Here is a helpful hint for google's algorithm to determine if the click was accidental:
If I clicked it, it was accidental.
If I did not click it, that was intentional.
The only time I ever click on an ad is when I got suckered in by a deceitful company trying to appear to be a legitimate news article. For example, I got suckered in by "New Law has Insurance Customers Fuming" headline...once. A company that has to fool people into clicking on it's links does not deserve to be in business and should have their IP blacklisted so that no one else will ever accidentally visit their site.

Comment: Then again. (Score 1) 62 62

I got the impression from the (sketchy) article that repeater AMPLIFIERS were still needed but repeater REGENERATORS were not.

Then again - another part of the article makes it look like an additional result was that they could boost this less-subject-to-degradation-by-nonlinear-distortions signal at the start until the fibre itself was acting non-linearly, in order to get a signal strong enough to survive a much longer hop.

So it's not clear to me whether the distance was achieved by:
  - long hops enabled by strong signals, and NO amplifiers
  - longer propagation without regenaration using JUST amplifers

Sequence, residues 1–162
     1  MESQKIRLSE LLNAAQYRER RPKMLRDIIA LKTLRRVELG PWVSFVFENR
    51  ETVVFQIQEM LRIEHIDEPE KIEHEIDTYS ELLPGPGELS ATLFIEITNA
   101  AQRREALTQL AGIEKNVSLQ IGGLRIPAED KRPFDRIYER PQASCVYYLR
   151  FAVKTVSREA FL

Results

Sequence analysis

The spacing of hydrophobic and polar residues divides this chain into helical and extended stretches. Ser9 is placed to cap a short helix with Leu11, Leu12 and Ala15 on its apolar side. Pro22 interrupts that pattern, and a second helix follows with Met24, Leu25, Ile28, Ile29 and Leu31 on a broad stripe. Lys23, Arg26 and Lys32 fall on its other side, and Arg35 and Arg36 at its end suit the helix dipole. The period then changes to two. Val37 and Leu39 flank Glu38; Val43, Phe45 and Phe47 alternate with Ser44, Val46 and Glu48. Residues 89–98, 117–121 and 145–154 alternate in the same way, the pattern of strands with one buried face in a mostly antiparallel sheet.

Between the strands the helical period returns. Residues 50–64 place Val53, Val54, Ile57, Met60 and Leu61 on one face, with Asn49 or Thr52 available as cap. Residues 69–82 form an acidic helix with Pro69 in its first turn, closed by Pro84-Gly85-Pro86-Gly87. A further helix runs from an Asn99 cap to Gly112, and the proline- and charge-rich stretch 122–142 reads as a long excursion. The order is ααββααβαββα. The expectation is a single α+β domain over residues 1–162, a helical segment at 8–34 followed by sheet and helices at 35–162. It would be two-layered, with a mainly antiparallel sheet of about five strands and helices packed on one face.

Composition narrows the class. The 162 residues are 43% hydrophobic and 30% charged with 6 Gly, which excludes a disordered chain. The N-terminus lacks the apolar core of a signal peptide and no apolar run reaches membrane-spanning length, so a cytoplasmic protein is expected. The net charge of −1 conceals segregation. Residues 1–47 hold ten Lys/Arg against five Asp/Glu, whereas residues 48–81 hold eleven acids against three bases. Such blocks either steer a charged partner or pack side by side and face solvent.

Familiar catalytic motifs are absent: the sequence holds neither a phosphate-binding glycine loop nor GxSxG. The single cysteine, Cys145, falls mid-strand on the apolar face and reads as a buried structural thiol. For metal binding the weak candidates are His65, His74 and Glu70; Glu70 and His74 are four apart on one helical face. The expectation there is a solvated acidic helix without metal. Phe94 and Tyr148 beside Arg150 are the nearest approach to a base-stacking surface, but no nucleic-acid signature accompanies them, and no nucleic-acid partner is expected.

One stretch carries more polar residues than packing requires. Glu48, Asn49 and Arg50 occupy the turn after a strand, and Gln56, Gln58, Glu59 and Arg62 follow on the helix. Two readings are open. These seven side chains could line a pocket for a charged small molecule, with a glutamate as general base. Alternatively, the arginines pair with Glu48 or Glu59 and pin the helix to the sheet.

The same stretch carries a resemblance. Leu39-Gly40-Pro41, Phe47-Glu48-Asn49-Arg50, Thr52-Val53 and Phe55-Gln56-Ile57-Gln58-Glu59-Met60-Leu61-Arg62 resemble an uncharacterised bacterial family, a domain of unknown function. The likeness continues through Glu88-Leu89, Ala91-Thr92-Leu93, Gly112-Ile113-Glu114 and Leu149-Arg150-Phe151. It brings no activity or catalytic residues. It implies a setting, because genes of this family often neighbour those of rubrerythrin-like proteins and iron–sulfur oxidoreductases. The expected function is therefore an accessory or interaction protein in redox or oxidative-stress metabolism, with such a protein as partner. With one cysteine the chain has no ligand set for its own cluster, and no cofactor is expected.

- a combination of the two: Both getting long total length without regeneration AND being able to use stronger signals and thus use larger space between the amplifier-type repeaters.

Comment: but not amplifiers (Score 1) 62 62

Since the diameter of the earth is 7 926.3352 miles, this could conceivably remove any need for repeaters.

I got the impression from the (sketchy) article that repeater AMPLIFIERS were still needed but repeater REGENERATORS were not.

I.e. you still needed to boost the strength of the signal to make up for the losses. But the progressive degradation of the quality of the signal - with data from different frequency bands bleeding into other bands (especially in the amplifiers themselves) due to nonlinear "mixing" processes - had been headed off, by synchronizing the frequencies of all the carriers to exact multiples of a common basic difference-between-the-carriers frequency.

This apparently sets up a situation where the distortion products of each carrier's interaction with nonlinear processes cancel out with respect to trying to recover the signals on another carrier - much the way the modulation products do in OFDM modulation schemes. In OFDM it allows you to make essentially total use of the bandwidth. In this system it lets you use simple, cheap, amplifiers to get your signal boost, rather than ending the fibre before things get too intertwingled, demodulating all the signals back to data streams and recovered clocking, then generating a fresh set of modulated light streams for the next hop - MUCH more expensive and power hungry.

Comment: Re:Uber != car sharing (Score 2) 177 177

Taxi companies don't want to compete with Uber though, they just want to outlaw them and go back to their monopoly.

They don't want or need to outlaw Uber. Uber is already illegal. All the taxis want is for the competition to have obey the same laws, which legally they do. In practice, Uber chooses not to obey the law.

"There is hopeful symbolism in the fact that flags do not wave in a vacuum." --Arthur C. Clarke